Your Samsung phone may have a big security flaw – here's how to stay safe

Samsung Galaxy S22
(Image credit: Carlos Pedrós)

Google’s security research team has discovered some major vulnerabilities in Pixel and Samsung Galaxy phones that you’ll want to protect yourself against as soon as you can.

The issues were discovered in the Exynos modems produced by Samsung that are used by a variety of smartphones including the Google Pixel 6, Google Pixel 7, and Samsung Galaxy S22 among others.

As revealed in the Project Zero team’s blog post people using a device that relies on this chip will want to turn off Wi-Fi calling and Voice-over-LTE in their device settings in order to protect themselves until a security patch is released. The affected devices are:

  • Samsung's S22, M33, M13, M12, A71, A53, A33, A21, A13, A12 and A04 series phones
  • Vivo's S16, S15, S6, X70, X60 and X30 series phones
  • Google's Pixel 6, Pixel 6 Pro, Pixel 6a, and Pixel 7 phones
  • any wearable with the Exynos W920 chipset
  • any vehicle using the Exynos Auto T5123 chipset

However, not every version of every device is affected. For example, the European Samsung Galaxy S22 uses a vulnerable Exynos modem, but the American version doesn't. But for other devices, like the A53, all versions of that phone use the vulnerable Exynos 1280. 

So before turning off Wi-Fi calling and Voice-over-LTE you might want to double check your exact model is indeed impacted using Samsung's official information.

How can you protect your phone?

For its part, Google says the March 2023 security update that's been rolled out to Pixel 6 and Pixel 7 phones should patch these issues.

In a statement we received, Samsung told us that it takes its customer's safety seriously and it has released a patch for five of six vulnerabilities impacting select Galaxy devices this month. Another security patch will be coming in April to address the remaining vulnerability, so make sure your device is up to date if you want it to be protected.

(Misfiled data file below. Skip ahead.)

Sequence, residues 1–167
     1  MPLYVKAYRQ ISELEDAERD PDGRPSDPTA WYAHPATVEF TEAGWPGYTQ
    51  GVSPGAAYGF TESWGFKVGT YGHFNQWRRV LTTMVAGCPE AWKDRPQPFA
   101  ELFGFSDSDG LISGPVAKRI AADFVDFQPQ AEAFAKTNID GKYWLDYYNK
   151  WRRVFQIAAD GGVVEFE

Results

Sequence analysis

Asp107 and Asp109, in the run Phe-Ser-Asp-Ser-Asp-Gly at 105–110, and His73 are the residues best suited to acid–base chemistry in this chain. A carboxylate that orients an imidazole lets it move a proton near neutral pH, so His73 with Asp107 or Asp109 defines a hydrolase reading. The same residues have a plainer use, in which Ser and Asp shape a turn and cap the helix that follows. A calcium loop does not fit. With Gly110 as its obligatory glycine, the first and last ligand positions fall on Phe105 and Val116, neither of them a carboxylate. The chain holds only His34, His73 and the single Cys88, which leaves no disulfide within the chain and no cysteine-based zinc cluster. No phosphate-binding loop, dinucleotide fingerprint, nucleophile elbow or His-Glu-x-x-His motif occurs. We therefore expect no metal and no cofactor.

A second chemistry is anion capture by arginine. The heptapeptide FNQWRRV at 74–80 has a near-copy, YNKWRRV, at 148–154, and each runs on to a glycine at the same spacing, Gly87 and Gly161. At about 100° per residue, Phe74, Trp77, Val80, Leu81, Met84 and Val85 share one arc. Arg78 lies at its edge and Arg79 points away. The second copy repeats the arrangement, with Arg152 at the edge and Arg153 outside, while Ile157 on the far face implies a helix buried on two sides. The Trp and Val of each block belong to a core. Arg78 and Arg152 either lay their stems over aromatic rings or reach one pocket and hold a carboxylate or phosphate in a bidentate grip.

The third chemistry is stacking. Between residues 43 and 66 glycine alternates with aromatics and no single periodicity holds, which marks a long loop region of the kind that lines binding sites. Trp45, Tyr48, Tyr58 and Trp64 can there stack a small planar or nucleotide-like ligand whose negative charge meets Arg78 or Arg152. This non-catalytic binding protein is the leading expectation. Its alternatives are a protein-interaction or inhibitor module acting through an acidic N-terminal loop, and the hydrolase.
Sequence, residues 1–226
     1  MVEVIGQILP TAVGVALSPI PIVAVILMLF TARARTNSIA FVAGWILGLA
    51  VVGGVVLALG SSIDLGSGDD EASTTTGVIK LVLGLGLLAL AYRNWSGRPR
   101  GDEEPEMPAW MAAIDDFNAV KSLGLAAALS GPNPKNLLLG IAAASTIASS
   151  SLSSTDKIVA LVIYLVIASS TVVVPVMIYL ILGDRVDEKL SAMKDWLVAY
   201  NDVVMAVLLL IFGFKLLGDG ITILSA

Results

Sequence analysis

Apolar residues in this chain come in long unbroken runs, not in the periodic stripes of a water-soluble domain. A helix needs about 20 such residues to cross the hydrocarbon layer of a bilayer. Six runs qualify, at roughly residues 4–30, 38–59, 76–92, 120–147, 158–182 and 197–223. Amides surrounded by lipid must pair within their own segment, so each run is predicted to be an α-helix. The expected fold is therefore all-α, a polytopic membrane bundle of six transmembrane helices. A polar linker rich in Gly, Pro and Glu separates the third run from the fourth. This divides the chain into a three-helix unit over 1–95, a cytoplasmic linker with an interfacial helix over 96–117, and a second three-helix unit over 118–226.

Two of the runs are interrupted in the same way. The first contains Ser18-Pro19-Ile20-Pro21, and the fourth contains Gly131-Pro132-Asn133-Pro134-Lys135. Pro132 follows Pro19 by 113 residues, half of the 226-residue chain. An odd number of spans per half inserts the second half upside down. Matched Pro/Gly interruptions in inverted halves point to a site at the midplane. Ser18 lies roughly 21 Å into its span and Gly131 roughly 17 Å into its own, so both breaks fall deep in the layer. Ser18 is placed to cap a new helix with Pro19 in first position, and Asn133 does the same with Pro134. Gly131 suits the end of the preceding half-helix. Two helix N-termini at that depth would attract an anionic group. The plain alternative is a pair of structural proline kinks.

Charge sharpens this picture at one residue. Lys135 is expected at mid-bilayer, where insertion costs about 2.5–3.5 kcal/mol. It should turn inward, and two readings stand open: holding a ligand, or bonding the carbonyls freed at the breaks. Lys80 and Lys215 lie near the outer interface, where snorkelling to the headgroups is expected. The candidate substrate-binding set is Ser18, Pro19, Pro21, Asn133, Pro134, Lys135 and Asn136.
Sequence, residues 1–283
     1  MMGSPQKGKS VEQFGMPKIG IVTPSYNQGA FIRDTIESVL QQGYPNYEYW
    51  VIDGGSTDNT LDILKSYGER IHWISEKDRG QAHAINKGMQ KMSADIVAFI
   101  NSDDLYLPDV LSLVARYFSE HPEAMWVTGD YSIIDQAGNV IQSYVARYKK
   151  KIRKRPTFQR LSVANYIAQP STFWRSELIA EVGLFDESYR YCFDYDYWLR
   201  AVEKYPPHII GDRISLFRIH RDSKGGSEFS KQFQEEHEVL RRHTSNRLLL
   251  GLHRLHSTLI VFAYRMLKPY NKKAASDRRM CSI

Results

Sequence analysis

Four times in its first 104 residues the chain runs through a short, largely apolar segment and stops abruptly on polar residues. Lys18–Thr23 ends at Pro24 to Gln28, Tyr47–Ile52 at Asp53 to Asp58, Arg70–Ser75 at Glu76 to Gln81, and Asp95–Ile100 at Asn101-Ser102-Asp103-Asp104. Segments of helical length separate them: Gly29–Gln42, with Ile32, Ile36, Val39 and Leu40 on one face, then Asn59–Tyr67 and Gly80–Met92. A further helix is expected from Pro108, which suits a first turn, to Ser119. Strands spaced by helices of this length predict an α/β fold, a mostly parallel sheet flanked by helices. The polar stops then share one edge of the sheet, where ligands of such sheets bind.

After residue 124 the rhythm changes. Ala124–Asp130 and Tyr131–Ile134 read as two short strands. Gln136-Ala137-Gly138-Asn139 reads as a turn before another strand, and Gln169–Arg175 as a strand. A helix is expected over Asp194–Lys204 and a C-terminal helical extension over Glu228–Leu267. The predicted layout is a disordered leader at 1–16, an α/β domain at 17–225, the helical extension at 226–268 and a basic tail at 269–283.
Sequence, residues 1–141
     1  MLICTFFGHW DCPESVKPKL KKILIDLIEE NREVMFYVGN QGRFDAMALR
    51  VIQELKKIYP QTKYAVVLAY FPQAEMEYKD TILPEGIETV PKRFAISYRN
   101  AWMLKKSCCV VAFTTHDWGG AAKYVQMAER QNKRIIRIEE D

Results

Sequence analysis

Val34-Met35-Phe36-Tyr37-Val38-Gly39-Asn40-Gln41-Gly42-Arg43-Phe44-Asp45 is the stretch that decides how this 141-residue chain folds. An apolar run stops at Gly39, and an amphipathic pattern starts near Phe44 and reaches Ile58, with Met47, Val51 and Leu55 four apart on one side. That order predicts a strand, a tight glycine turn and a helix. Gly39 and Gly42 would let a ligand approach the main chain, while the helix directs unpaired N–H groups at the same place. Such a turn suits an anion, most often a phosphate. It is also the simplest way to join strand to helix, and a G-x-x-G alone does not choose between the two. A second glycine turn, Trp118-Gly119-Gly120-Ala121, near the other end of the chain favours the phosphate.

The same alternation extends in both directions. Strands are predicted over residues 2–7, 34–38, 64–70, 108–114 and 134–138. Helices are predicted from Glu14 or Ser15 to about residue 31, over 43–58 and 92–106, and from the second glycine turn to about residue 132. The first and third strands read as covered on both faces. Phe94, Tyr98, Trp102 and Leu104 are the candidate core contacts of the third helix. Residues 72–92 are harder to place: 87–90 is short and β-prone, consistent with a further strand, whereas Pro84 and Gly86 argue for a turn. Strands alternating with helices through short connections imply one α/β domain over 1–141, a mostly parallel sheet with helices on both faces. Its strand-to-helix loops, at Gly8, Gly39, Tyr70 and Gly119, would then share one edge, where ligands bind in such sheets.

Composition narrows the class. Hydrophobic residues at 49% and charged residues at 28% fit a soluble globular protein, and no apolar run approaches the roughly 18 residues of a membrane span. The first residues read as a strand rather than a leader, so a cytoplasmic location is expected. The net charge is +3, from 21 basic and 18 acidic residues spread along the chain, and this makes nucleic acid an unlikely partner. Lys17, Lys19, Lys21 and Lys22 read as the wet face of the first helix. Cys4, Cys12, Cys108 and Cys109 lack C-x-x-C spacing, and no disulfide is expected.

Google Pixel 7 with foliage behind

The Google Pixel 7 should already be safe thanks to a security patch (Image credit: Future / Philip Berne)

In the meantime, you can protect yourself by going into your phone’s Settings. Using the search option look for “Wi-Fi Calling” and you’ll see a toggle to turn it on or off in the Connections sub-menu. If you want your Samsung phone to be secure you’ll want to turn it off, though you’ll then lose access to the feature until you turn it back on.

To turn off Voice-over-LTE, head back to the Connections menu and this time tap on Mobile Networks. You should then see a new list of options and toggles next to “VoLTE calls SIM 1” and “VoLTE calls SIM 2” (though the second option will only appear if you have two SIMs installed). Turn the toggles off and that should mean your phone's protected against the vulnerabilities discovered by Project Zero.

Turning off these features will mean your calls are lower quality, but you should still be able to make calls.

Analysis: Why reveal these flaws? 

If these flaws represent serious risks to our devices, why would Google Project Zero reveal them? Wouldn’t it be better to keep them private so hackers don’t know they exist?

Samsung Galaxy S23 series standing upright against colorful backdrops

The newer Galaxy S23 phones use a different modem so aren't affected (Image credit: Samsung)

Project Zero does keep the most serious of exploits private only sharing them with relevant device manufacturers to ensure that they aren’t abused by bad actors. But for other security vulnerabilities, it can be better to keep a wider net of people in the loop. 

For one, there is a way for us to protect ourselves from attacks that take advantage of these vulnerabilities – until a patch is rolled out you can turn off Wi-Fi calling and Voice-over-LTE as we explained above. For another, it’s possible these exploits aren’t too difficult to discover, so by keeping them hidden from the public Project Zero runs the risk of leaving regular folks in the dark while hackers run rampant.

Lastly, revealing the issues should encourage device manufacturers to roll out a patch asap. Now not only is Google’s Project Zero team hounding them to fix the issue, but device owners can also reach out through official forums and contact forms to get their phone maker to fix the problem.

Looking for a phone that's not impacted by this modem issue? Check out our picks for the best phone to find several options that don't rely on the affected Exynos modem.

Hamish Hector
Senior Staff Writer, News

Hamish is a Senior Staff Writer for TechRadar and you’ll see his name appearing on articles across nearly every topic on the site from smart home deals to speaker reviews to graphics card news and everything in between. He uses his broad range of knowledge to help explain the latest gadgets and if they’re a must-buy or a fad fueled by hype. Though his specialty is writing about everything going on in the world of virtual reality and augmented reality.